This week was a very busy for me at the Minnesota State Legislature. As readers of this blog know I like going to the Capitol to help the policymakers do good legislation. This week was the beginning of the busy time which will last up to adjournment in May.
First out of the box for the week was a bill sponsored by the Minnesota Private College Council. This bill raised a number of concerns for me as to why immunity of liability should be given to private colleges when they share personal educational data with the state. A key concept for me is that the private college has due diligence and responsibility when data is shared to make sure that the data is secured from breaches and unlawful disclosure Having no liability I think may make the private entity not responsible. The bill proposes that the private colleges would not have liability if the data they shared with the government was breached or disclosed improperly by the government.
The bill was presented publicly to offer liability protection to private colleges because of a law that is requiring higher ed institutions to give personal data to the state for studies. When I read the bill I noticed what I was told is not what the bill does. Does this happen at the Legislature? It sure does.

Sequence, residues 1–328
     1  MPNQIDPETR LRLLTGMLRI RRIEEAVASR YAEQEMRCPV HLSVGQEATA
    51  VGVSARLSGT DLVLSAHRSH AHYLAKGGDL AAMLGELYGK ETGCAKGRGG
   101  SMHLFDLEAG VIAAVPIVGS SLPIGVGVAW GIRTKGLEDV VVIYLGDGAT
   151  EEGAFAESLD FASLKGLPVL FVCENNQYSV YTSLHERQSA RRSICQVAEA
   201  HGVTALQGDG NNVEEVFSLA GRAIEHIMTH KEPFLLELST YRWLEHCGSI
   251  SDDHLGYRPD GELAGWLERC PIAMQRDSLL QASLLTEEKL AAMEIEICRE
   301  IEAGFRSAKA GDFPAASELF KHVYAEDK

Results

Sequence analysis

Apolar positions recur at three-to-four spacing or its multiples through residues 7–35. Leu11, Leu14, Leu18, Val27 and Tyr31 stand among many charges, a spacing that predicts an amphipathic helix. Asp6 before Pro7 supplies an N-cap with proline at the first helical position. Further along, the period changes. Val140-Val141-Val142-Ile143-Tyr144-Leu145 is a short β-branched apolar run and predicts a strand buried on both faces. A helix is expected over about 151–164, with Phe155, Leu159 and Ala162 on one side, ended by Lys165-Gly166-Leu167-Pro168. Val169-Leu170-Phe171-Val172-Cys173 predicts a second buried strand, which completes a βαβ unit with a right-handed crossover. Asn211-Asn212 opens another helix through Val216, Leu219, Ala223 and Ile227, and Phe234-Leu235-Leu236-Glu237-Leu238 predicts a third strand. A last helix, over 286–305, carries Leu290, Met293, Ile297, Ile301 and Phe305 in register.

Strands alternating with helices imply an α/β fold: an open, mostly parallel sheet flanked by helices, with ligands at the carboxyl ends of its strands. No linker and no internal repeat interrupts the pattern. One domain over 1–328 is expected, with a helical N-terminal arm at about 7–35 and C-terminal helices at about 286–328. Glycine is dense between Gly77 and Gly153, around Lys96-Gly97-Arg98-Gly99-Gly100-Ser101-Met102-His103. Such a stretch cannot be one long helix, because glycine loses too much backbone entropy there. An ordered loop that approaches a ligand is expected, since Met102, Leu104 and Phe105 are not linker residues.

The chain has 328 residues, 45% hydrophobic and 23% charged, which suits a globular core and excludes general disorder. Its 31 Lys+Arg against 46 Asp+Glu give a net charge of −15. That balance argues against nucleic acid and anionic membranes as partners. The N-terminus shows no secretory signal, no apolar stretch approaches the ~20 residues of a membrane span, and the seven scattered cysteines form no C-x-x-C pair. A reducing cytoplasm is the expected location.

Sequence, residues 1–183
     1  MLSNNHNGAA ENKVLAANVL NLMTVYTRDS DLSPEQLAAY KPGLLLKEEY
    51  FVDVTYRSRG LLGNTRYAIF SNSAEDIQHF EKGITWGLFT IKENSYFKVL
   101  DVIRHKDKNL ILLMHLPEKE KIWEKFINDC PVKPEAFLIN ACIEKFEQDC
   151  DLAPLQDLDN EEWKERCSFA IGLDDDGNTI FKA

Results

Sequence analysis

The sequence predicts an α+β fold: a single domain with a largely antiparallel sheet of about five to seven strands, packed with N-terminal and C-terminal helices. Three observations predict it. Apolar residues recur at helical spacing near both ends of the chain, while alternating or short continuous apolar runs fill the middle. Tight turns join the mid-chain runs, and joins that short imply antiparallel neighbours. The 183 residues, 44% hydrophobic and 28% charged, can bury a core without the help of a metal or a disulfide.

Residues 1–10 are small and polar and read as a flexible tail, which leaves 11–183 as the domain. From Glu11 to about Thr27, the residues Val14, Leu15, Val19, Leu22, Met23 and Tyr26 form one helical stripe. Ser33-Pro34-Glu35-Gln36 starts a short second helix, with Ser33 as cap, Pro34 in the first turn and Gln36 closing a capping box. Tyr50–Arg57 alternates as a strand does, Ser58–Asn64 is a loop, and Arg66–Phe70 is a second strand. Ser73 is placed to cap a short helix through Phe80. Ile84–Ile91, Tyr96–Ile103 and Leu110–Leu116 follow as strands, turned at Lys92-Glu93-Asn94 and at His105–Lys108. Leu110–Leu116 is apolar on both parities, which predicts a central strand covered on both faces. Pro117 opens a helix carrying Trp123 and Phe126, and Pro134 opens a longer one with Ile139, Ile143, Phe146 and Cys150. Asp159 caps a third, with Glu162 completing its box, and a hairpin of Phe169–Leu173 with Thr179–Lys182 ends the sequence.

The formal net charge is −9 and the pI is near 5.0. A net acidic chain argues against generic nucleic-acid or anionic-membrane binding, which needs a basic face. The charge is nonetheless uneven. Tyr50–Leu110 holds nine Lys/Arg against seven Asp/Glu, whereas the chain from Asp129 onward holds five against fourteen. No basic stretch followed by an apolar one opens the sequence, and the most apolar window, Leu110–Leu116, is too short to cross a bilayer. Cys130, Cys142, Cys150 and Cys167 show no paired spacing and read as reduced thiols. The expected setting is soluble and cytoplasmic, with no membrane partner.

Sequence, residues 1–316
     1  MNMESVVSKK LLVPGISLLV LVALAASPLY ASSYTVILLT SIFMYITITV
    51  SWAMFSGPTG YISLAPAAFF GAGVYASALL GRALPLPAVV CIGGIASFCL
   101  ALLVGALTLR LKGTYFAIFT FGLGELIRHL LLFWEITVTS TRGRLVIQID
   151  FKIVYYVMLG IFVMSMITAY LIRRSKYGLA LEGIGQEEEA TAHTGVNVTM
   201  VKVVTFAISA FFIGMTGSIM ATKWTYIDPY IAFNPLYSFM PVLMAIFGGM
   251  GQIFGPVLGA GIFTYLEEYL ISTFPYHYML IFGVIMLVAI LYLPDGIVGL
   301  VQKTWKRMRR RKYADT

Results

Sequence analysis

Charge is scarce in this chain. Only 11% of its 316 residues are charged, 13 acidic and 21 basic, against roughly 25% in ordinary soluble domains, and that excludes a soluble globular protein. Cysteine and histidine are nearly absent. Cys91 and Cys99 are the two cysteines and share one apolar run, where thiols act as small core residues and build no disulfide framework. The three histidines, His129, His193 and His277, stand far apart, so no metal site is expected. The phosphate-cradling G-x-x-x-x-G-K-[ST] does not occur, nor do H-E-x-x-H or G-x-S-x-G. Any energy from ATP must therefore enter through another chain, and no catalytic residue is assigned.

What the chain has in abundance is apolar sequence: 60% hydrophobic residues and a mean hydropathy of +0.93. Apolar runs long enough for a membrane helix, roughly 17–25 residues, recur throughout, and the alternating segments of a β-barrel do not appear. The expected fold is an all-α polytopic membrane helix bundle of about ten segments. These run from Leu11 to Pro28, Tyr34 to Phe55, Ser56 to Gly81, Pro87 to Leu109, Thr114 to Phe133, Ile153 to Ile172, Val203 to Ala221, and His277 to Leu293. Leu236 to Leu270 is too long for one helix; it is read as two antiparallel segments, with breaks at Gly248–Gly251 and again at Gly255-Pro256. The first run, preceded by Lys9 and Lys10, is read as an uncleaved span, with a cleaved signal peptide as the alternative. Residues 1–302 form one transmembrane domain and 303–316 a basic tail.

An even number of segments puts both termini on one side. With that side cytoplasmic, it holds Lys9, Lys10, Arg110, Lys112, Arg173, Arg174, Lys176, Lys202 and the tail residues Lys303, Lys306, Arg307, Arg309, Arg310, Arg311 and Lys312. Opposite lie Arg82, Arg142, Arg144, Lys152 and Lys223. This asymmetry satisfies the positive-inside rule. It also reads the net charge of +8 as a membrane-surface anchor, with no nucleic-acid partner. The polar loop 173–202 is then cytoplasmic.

What the bill also does is give the state higher ed facilities liability protection and allows much wider sharing of personal information on students other than the specific program told to me by private colleges without liability.
Currently, the bill is going through the committee process.
Another bill that caught my attention was HF 1087. This bill is an initiative of the Minnesota Board of Nursing which makes it mandatory for the Board of Nursing to do background checks on all applicants for nurse licensure and in the future current nurses. When I saw the bill introduced I did what I generally do is go talk to the Chief Author. I scheduled a time to meet with her. Concerns I had with the bill are several from access to information for the person who is the subject, to proper due process and fairness, and what is the rationale for permanently banning people and making it hard for people to be nurses if they have rehabilitated themselves. There are also other issues.
But what got me into quick action over the past twenty four hours was when I saw HF 1087 in the House Health and Human Services Omnibus bill. I realized that it did not have a public hearing. A public hearing is an important part of process for the public to way in on bills. I also knew by the language that the proposal changed in a dramatic fashion, one that only new applicants would have background checks, but current nurses would not have to go through background process. A double tier for the nursing profession.
I met with the Chief Author of the bill who was open to my concerns and others who had talked with him. He pulled the language from the bill. The bill more than likely will go through the hearing process. Issues are still outstanding as I have outlined above.
As I stated in a previous post, to paraphrase Bette Davis, Fasten your seat belts, it is going to be a bumpy ride, as the legislative session goes towards adjournment.